The U.S. office market cooled in Q3 2022. Vacancy ticked up, while sublease space hit a new record high. Is a market correction on the horizon? It will likely take another 18 to 24 months for economic and business concerns to play out. Concurrently, occupiers are reviewing their working practices and office needs.
The U.S. office vacancy rate stands at 15.4%, an increase of 30 basis points in the third quarter. However, vacancy is still below the prior peak of 16.3%, seen at the height of the Global Financial Crisis.
Net absorption, which measures the change in occupied office inventory, was positive in just over half (52%) of the office markets tracked in our national survey. National office absorption totaled 507,200 square feet. Absorption has been modestly positive in four of the past five quarters starting in Q3 2021, totaling a cumulative 15.3 million square feet. This marks a significant turnaround from the prior five quarters, starting in Q2 2020, when cumulative net absorption was negative 153.1 million square feet.
Four metro office markets posted more than 500,000 square feet of positive absorption in Q3 2022, led by New York City (5.5 million square feet), Dallas (1.3 million square feet) and South Florida (704,000 square feet). Atlanta, Detroit, Pittsburgh and Charlotte also saw healthy gains. San Francisco took the hardest hit, with 1.4 million square feet of negative absorption in the third quarter. Philadelphia and Seattle also posted over one million square feet of negative absorption.
There is a record 232.8 million square feet of sublease space available across the U.S. office market, up from 215.9 million square feet in Q2 2022, and significantly higher than the prior cycle’s peak of 143.3 million square feet seen in Q2 2009. As firms continue to evaluate their post-COVID real estate needs, sublease space will remain a cost competitive, short-term option until there is greater clarity on business direction.
Construction activity continues to slow. Currently, 103.9 million square feet are underway, which is down 37% from this cycle’s peak of 164 million square feet in Q3 2020. The New York metro area has by far the largest amount of ongoing construction, at 17.5 million square feet, followed by the San Francisco Bay Area with 10.3 million square feet and Seattle with 7.3 million square feet.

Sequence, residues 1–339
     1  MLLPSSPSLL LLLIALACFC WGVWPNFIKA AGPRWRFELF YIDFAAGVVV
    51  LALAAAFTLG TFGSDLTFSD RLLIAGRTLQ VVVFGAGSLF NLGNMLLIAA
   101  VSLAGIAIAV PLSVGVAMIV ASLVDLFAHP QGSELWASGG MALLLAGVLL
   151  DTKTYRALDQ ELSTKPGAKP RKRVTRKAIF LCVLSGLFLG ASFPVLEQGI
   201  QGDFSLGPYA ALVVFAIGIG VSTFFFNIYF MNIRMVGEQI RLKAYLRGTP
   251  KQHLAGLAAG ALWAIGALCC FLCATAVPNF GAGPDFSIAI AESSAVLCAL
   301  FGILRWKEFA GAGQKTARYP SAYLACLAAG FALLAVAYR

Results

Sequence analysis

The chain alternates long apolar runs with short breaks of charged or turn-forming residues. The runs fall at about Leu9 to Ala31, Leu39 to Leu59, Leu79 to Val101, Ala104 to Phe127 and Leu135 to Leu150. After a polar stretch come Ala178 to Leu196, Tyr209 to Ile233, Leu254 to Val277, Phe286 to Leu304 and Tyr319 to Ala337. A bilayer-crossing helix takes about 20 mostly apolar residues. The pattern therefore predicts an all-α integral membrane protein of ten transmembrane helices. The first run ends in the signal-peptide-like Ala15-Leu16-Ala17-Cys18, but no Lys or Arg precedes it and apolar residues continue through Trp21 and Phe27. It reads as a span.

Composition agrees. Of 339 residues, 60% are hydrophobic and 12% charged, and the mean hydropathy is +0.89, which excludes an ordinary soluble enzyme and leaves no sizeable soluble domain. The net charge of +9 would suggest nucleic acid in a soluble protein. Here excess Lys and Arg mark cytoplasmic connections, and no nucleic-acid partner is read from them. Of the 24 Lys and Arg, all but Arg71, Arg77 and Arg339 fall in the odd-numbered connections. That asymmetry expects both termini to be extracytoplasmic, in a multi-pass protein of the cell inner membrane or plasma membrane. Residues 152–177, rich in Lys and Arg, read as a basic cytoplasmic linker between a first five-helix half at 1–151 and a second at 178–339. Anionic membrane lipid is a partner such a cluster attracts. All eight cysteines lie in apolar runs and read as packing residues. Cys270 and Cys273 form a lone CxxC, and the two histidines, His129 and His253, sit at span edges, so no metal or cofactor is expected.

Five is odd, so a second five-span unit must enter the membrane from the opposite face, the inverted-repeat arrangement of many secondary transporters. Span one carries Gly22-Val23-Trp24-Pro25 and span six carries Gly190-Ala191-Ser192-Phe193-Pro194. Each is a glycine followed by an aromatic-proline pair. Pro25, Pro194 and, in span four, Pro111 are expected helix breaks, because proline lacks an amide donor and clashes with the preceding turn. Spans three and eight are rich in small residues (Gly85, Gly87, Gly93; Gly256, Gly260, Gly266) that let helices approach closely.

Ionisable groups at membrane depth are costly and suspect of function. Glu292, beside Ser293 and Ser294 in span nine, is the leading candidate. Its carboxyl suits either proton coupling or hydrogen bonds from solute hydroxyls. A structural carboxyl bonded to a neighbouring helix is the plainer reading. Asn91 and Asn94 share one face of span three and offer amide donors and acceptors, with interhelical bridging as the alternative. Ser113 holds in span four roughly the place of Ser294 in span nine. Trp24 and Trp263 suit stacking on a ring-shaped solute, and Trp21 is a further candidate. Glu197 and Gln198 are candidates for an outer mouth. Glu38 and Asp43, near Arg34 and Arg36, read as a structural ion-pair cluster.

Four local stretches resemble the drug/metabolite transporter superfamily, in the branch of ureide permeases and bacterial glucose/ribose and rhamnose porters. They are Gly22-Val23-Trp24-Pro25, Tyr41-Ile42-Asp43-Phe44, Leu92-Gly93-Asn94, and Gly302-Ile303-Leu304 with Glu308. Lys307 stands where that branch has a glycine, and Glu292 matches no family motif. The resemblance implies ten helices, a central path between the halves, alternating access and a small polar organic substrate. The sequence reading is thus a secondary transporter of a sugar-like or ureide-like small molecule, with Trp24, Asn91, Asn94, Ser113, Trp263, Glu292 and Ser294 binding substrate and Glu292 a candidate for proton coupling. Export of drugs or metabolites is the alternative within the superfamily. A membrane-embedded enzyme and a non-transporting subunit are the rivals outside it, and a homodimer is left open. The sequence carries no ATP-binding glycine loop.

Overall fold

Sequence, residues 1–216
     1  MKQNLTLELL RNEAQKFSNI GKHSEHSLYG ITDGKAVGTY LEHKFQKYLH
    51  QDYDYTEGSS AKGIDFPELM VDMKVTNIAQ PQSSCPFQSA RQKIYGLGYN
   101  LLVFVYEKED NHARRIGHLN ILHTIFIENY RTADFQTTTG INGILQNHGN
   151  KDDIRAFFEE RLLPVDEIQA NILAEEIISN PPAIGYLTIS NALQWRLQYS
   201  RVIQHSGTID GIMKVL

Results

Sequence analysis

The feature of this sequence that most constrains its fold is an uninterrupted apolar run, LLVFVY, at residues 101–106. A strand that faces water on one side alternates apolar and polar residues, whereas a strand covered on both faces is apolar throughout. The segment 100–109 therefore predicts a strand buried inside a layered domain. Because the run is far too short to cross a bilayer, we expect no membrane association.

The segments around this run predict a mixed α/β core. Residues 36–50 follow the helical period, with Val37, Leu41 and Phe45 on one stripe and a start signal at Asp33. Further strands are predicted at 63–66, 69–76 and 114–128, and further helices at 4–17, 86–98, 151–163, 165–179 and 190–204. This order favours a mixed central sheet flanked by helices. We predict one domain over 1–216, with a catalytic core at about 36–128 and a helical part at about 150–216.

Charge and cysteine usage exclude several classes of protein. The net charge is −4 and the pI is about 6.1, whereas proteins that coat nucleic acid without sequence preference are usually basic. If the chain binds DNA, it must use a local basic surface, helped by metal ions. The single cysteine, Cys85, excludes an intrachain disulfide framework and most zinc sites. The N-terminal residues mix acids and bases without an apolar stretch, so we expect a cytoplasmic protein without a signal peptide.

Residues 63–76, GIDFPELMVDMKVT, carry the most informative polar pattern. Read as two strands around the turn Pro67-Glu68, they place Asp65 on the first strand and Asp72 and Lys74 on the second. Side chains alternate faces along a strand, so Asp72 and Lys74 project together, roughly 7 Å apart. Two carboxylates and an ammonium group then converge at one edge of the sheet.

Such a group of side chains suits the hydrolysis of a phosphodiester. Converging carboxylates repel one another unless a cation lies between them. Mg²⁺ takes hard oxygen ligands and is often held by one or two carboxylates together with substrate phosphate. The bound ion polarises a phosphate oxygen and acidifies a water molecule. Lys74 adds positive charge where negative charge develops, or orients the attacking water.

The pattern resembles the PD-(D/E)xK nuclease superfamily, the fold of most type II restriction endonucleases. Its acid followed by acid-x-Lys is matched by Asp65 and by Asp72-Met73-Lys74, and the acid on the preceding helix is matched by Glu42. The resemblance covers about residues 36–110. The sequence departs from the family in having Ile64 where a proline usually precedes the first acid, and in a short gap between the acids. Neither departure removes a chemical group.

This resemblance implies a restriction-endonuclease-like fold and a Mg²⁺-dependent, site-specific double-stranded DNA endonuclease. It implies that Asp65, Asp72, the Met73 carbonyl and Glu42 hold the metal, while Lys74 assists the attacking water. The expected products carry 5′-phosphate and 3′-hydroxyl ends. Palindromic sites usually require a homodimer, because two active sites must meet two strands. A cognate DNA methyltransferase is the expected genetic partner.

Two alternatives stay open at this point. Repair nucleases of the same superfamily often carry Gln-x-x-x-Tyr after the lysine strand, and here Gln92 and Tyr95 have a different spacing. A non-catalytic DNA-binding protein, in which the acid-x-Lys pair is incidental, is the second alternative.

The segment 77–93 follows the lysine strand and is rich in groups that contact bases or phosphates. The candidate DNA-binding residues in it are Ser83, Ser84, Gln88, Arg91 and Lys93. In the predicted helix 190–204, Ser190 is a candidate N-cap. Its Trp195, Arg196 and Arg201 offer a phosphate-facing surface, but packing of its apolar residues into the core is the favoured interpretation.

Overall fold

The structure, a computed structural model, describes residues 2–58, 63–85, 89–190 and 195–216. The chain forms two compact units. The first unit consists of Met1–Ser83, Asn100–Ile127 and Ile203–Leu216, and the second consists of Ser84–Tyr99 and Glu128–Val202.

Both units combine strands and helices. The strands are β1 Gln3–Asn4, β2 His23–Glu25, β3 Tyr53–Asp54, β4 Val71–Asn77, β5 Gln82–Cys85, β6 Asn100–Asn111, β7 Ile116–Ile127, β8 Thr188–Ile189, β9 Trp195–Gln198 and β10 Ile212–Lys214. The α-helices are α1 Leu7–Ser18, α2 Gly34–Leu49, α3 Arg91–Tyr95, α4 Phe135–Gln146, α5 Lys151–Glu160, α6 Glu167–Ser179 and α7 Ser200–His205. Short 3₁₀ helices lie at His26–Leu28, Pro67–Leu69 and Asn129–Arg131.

Asking rates are, by and large, still holding firm. However, the gap between asking and effective rents remains significant due to generous concessions on offer. Tenant improvement allowances of $100 per square foot or more, plus 12 to 18 months of rent abatement, are available in several major markets when a tenant signs a new 10-year lease on Class A space.
There is considerable debate and speculation regarding the future of the U.S. office sector. Employees are gradually returning to the office. Occupancy levels stand at 47.3%, up from 44.1% at the end of the second quarter. Most tenants look set to adopt hybrid working with a minimum of three days in the office per week emerging as the common standard
It will take time for firms to recast their property strategies and decide how much space will be needed going forward and where it should be located. Evidence of tenant downsizing is occurring. Uncertainty in the economy continues to cloud the picture, further impacting the timing of such decisions. Existing lease commitments will also restrict the ability to implement change. Structural shifts in the U.S. office sector are afoot, but they will take some time to play out.